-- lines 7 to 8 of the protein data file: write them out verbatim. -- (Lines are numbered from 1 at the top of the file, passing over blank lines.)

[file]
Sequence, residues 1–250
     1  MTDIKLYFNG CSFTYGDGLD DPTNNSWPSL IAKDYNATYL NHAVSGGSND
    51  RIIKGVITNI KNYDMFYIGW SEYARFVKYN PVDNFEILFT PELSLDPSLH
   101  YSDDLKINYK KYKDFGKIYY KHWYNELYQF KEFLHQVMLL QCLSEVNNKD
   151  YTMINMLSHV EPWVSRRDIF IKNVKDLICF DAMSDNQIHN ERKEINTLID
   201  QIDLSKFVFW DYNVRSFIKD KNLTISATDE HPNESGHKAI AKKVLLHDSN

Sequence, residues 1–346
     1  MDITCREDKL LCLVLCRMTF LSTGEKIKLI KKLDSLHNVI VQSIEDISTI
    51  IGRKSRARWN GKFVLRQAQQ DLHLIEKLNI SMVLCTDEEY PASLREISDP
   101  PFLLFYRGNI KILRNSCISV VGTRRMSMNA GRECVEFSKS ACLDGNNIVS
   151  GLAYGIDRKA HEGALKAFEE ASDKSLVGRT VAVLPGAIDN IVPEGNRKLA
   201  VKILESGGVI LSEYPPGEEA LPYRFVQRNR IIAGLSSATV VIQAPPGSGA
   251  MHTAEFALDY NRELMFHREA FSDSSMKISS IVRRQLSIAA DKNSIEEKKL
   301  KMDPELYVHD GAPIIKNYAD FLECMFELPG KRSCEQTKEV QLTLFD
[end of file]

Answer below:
Sequence, residues 1–346
     1  MDITCREDKL LCLVLCRMTF LSTGEKIKLI KKLDSLHNVI VQSIEDISTI